Friday, August 31, 2012

Lost and Found in Tahiti

Found:  Friends from Seattle!

I was filling out postcards and looking up my brother's new address on Facebook, when I saw  my friend Alex from Seattle pop up on the chat feature. I never see Alex on “chat,” so I sent him a quick note ending with, “We’re in Tahiti.” A few minutes later, I received a note back saying, “I’m in Tahiti too!” It turns out that Alex wasn’t alone in Tahiti. His work partner and friend Adam was with him. Alex and Adam are pilots whose work takes them all over the world. Adam used to live in Seattle, but I hadn’t seen him in over fifteen years since he moved to Florida. Alex and Adam (who had the use of a car) drove out to the Tahiti Yacht Club to visit us that evening, and we brought them over to Silhouette in our dinghy. Good times.

Adam attempts an arm shot
Lost:  The chance to climb Mt. Aorai

One of the things I really wanted to do while in Tahiti was to climb Mt. Aorai. Aorai is the third highest peak on Tahiti, and the trail starts on the flank of the mountain between Arue and Papeete at Le Belvédère Restaurant. Aorai’s attraction to me is that a climb there gives you access to views of the interior valleys and to the steeply pleated folds of surrounding peaks---such as Le Diadème---a spectacular peak not generally visible from the northwest side of the island. I was also hoping to see some of Tahiti’s indigenous flora, such as the tiare Tahiti, the “flower of Tahiti” or Tahitian gardenia---which supposedly grows better at high altitudes---and some wild orchids.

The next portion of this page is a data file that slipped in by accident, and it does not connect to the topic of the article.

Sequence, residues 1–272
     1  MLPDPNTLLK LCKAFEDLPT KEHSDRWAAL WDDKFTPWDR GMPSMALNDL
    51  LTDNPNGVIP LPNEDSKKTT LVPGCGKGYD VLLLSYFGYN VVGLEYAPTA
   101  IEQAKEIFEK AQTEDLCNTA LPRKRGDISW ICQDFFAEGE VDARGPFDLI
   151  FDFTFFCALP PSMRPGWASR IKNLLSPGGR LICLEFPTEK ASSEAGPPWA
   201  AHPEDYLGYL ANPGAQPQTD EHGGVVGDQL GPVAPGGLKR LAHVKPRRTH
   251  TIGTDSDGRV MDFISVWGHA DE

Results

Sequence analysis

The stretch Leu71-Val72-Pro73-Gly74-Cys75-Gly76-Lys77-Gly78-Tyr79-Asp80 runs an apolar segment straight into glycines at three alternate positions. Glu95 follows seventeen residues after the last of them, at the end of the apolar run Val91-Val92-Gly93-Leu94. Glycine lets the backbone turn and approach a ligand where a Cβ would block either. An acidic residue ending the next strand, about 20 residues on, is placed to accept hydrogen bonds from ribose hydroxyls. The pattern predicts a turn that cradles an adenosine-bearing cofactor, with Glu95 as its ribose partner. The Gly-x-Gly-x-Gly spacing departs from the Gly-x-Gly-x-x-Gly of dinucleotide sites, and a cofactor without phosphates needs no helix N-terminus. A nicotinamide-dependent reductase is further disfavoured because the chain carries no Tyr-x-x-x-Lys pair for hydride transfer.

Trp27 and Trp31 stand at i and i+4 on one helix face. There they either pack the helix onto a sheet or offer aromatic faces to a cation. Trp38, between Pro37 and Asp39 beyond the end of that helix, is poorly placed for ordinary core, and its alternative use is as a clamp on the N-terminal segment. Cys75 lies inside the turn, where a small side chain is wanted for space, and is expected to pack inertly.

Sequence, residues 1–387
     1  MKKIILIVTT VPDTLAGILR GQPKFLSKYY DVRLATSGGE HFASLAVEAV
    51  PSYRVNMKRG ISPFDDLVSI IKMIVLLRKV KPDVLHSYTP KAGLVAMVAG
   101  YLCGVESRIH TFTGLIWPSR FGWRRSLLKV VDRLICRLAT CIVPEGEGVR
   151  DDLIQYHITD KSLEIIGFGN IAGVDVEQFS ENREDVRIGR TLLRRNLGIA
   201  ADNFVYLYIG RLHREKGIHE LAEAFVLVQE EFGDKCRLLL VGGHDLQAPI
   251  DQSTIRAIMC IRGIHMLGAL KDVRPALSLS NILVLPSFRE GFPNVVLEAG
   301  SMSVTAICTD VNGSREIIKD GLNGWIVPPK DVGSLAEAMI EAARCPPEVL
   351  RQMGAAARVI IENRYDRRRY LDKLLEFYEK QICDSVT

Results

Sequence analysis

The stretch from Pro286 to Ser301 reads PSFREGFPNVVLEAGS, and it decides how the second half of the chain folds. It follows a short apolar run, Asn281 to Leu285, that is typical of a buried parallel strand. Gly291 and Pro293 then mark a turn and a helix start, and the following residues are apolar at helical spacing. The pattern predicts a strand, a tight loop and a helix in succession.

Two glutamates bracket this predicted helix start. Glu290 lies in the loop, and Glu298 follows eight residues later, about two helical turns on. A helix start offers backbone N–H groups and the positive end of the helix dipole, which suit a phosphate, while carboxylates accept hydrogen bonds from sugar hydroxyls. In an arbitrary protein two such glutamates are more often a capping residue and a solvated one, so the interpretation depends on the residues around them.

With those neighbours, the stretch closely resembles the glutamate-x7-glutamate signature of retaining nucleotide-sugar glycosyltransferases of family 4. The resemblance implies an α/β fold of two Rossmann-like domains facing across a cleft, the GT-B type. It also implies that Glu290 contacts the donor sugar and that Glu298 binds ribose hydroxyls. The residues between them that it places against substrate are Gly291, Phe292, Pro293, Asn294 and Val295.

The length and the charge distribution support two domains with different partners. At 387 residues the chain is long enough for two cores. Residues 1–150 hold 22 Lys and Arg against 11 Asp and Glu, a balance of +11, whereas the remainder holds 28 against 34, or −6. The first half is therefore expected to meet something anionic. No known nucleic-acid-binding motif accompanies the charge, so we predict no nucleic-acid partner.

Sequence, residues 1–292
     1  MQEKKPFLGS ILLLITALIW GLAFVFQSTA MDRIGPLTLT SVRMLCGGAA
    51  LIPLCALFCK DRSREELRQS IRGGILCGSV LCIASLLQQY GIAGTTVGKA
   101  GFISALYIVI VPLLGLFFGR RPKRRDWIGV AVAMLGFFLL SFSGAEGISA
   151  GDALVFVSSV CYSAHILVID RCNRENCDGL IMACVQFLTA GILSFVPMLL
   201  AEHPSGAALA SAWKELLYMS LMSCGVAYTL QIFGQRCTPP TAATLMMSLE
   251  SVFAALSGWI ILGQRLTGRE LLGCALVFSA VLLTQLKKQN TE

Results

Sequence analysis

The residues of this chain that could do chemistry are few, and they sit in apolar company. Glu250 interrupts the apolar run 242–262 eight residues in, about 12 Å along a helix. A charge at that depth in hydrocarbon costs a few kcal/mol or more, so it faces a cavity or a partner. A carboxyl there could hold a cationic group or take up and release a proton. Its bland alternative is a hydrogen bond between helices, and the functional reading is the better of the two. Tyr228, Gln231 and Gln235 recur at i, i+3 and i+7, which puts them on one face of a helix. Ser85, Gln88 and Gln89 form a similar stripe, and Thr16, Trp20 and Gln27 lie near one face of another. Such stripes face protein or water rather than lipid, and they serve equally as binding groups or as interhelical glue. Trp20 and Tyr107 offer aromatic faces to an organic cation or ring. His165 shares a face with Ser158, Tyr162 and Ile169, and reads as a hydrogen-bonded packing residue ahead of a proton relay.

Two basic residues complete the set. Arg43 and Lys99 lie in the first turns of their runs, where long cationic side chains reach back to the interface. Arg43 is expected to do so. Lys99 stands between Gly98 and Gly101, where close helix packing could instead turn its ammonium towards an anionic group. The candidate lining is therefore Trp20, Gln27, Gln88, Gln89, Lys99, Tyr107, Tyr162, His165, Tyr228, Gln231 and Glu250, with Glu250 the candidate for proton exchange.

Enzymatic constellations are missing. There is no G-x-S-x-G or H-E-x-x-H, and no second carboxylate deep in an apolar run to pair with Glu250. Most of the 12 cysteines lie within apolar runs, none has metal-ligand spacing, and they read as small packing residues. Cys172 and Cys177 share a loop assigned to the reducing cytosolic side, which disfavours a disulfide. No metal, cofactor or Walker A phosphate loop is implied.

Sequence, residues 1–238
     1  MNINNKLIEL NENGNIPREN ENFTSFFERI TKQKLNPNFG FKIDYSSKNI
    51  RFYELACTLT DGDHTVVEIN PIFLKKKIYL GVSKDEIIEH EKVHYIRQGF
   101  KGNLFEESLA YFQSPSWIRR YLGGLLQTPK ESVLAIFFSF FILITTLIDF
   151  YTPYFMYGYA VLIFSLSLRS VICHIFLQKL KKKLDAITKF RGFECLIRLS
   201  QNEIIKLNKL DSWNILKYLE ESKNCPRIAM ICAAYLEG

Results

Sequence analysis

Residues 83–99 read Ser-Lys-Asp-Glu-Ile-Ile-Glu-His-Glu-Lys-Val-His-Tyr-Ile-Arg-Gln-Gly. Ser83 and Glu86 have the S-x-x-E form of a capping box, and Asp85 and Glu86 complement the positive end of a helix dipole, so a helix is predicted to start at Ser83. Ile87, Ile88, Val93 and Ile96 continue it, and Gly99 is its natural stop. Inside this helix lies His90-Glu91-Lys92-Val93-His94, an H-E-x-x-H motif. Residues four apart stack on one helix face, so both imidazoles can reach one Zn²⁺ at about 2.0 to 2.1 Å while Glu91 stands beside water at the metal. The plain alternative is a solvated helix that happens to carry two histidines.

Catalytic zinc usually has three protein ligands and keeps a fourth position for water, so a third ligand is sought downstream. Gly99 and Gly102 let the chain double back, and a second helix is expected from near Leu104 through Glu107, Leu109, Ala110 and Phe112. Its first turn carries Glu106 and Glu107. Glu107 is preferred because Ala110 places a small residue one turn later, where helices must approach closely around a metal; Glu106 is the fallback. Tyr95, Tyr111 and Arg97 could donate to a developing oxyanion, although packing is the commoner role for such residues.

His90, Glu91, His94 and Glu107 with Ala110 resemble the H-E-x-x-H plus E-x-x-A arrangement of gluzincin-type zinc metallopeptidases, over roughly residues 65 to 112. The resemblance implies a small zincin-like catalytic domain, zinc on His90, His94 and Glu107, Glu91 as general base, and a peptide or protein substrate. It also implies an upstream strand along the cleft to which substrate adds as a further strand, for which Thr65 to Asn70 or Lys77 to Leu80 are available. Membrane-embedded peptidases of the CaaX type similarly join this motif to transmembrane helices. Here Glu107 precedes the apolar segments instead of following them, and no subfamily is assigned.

Due to a confluence of poor timing and transportation issues, I was unable to climb Mt. Aorai before we departed Tahiti. There were high winds on one of the days I had available to climb, and Aorai has a knife ridge to navigate. We only had a rental car for one day, so in order to start the climb at 6:00 a.m. (to beat the heat and descend at a reasonable hour), I would have had to take a taxi to the trail head. Doable, but it didn't happen in a week's time packed full of boat logistics.  However, luck was with me, and as we sailed towards Moorea, the peaks of Tahiti parted like the folios of a book to reveal the sought-after jewel of Le Diadème
.   


Le Diadème
(The Tiara) is the jagged peak near center

Found:  A big city  

Tahiti had all the pros and cons of a big city. The graffiti all over the island (not just in downtown Papeete) jolted one right out of French Polynesia and back to Seattle or L.A. 


Plastic bottles washed down through a creek temporarily caught by weeds:  next stop, the harbor
Some of the graffiti art was sanctioned by the public and more tastefully done. These murals were on the walls of a sports complex next to the Tahiti Yacht Club.




I also liked this mural, found outside their gym. 



Found:  Unpublished photos of Anse Amyot

Patrick took the following photos---not in Tahiti---but in Anse Amyot in the Tuamotus. I hadn’t seen them until now, so I didn’t include them in my blog post from there. They capture the feeling of the South Pacific.   

Tern in flight

Polynesian sunset

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